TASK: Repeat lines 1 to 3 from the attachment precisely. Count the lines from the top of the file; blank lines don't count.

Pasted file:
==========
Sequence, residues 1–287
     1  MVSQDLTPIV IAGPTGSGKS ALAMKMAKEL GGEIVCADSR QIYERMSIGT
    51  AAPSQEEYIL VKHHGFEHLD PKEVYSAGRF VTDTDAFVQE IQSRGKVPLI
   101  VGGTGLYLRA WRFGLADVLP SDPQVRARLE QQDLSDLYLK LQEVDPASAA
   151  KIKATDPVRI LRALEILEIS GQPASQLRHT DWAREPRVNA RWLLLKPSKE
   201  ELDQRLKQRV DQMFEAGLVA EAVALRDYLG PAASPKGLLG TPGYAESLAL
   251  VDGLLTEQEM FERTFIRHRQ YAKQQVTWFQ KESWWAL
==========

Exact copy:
Sequence, residues 1–287
     1  MVSQDLTPIV IAGPTGSGKS ALAMKMAKEL GGEIVCADSR QIYERMSIGT
    51  AAPSQEEYIL VKHHGFEHLD PKEVYSAGRF VTDTDAFVQE IQSRGKVPLI